Secondary Logo

Journal Logo

GASTROINTESTINAL SYMPTOMS: Edited by Rachel J. Gibson and Matthew A. Ciorba

Advances in understanding and improving gastrointestinal symptoms during supportive and palliative care

a decade of progress

Ciorba, Matthew A.

Author Information
Current Opinion in Supportive and Palliative Care: June 2016 - Volume 10 - Issue 2 - p 149-151
doi: 10.1097/SPC.0000000000000215
  • Free

This year marks the 10th anniversary for our journal, Current Opinion in Supportive and Palliative Care. For this occasion, I am taking the opportunity to reflect upon how the field has progressed over this time focusing particular attention on managing gastrointestinal symptoms. This decade has provided major advances in cancer treatment highlighted by wider application of tyrosine kinase inhibitors and the introduction of new classes of therapies that harness the power of the body's own immune system to attack cancer. In addition, genomics and novel biomarkers are now routinely used in the clinic to select which patients are most likely to respond to specific therapeutic regimens. Despite these advances, off-target gastrointestinal toxicities remain a pervasive challenge. For these reasons, attention to advances in symptomatic supportive and palliative care remain a strategic priority for improving the quality of life for patients affected by serious and life-threatening diseases such as cancer.

Over the past 10 years, the journal has addressed this challenge, typically publishing five to seven outstanding reviews on these topics per year. Notably, in its first year, there was a heavy focus on mucositis related to cytotoxic therapies, including radiation and alkaloid-based chemotherapies [1–5]. Subsequent issues focused on understanding the management of both the short- and long-term gastrointestinal side-effects and consequences of chemotherapy and radiation therapy [6–13]. Important insight has also been provided on weight loss as well as nutrition support options for patients in need of supportive and palliative care [14–16]. Investigators and clinicians have also shared their valuable knowledge on novel approaches to understanding therapy-related intestinal toxicities, including symptom clustering [17], physiologic approaches [18], pathophysiologic mechanisms [19–22], new measurement tools/approaches [23–27], and understanding of therapy-specific toxicities [28,29].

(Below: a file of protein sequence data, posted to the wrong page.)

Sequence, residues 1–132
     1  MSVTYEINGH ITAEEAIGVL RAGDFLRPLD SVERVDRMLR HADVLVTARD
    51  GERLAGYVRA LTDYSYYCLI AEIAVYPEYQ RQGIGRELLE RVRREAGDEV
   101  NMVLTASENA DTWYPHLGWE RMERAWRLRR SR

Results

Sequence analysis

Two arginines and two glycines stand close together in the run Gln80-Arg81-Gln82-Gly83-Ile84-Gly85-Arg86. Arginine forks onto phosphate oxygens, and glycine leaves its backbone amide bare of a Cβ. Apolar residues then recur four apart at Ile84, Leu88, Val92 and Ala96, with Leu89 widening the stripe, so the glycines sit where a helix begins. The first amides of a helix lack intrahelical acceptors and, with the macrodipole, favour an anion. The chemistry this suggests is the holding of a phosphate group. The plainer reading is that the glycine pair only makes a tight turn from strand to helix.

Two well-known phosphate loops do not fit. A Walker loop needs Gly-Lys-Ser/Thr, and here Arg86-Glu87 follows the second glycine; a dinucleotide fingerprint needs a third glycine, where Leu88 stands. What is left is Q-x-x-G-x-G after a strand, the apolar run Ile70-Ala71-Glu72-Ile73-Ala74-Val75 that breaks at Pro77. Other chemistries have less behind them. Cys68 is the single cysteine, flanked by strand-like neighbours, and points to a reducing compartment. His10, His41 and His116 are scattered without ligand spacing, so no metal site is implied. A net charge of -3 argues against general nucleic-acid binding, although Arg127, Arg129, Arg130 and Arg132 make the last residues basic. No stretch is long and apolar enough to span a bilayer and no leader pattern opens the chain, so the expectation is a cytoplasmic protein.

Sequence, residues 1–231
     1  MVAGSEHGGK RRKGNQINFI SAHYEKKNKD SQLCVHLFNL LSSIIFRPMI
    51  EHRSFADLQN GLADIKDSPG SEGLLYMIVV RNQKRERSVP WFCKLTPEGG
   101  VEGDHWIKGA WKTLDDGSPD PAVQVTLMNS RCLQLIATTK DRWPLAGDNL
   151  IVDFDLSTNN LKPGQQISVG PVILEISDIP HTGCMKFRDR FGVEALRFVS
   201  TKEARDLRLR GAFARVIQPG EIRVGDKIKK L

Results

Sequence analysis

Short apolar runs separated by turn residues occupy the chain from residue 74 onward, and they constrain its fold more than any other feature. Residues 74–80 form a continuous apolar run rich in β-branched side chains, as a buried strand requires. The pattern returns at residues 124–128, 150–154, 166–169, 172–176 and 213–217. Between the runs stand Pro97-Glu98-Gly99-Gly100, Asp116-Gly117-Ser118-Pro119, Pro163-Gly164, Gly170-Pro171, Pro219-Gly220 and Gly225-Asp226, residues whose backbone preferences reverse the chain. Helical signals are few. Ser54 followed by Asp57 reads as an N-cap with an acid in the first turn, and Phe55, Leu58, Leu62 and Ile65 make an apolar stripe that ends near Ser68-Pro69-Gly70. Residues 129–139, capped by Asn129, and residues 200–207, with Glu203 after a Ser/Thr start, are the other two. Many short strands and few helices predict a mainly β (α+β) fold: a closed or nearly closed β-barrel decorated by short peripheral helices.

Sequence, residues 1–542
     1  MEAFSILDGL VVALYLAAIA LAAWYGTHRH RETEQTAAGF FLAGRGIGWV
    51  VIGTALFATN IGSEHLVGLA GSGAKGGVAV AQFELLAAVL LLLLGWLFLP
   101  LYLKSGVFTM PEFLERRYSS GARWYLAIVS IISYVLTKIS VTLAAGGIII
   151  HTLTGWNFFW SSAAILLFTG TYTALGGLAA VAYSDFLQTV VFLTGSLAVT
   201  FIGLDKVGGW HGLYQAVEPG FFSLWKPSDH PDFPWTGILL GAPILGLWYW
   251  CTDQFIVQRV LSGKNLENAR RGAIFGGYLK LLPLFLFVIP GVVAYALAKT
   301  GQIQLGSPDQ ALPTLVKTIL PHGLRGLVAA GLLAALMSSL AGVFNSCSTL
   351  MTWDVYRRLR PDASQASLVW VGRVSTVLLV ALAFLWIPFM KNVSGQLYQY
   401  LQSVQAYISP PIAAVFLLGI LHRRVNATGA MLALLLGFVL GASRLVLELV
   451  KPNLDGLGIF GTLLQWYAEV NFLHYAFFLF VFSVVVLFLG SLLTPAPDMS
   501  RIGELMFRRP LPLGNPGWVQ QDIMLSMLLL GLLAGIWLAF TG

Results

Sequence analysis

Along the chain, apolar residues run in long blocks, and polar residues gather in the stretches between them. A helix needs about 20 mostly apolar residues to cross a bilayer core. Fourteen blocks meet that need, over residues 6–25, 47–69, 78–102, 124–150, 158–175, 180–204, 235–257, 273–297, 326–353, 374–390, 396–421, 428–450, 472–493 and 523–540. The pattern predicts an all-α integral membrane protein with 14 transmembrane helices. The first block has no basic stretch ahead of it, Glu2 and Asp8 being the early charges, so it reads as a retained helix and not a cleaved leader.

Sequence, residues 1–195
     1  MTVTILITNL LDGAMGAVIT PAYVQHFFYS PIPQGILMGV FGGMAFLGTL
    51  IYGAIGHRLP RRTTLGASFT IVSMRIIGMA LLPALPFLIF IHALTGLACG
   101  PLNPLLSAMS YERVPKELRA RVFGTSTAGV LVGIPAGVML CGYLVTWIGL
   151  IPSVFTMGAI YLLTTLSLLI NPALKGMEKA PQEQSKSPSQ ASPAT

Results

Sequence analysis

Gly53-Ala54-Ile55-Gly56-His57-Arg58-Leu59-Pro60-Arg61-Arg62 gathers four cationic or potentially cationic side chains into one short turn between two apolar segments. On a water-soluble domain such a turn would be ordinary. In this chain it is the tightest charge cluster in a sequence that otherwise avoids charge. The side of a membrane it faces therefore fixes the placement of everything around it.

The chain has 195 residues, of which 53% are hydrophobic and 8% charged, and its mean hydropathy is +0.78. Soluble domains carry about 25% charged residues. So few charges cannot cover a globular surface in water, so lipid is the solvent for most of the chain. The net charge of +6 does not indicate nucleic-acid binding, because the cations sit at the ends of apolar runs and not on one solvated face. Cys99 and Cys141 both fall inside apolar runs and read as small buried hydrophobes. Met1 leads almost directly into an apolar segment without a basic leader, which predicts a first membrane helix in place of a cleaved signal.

As the field of cancer therapies has progressed, our journal has provided timely reviews and insights to their toxicities. Keefe, Bossi, Bowen, and colleagues [30–33] shed light on the challenges and toxicities associated with targeted therapies including tyrosine kinase inhibitors. This year, Van Sebille and coinvestigators [34] detail the specific gastrointestinal toxicities of first and second-generation small molecule tyrosine kinase inhibitors with a focus on nonsmall cell lung cancer.

Gut microbiota and natural therapies have also been a topic of interest recently. Oral health, involvement of the upper gastrointestinal tract, and palliative surgical approaches have also been covered in important detail [35–41]. Reflecting a surge of patient and provider interest [42,43], we have seen interest in covering novel therapies to reduce toxicity to normal gastrointestinal tissues, including probiotics and microbial-derived products [44,45]. The exciting area of host–microbe cross-talk in relation to cancer therapy was covered in excellent detail last year by Vanhoecke and Stringer [46]. Last year, Marx and colleagues [47] also provided a delightful review examining the data and mechanisms of ginger as a natural approach to limit symptoms of nausea and vomiting. Novel biomarkers of normal tissue toxicity [48,49], infection-related mortality [50], and gastrointestinal pathology after stem cell transplant have also been addressed.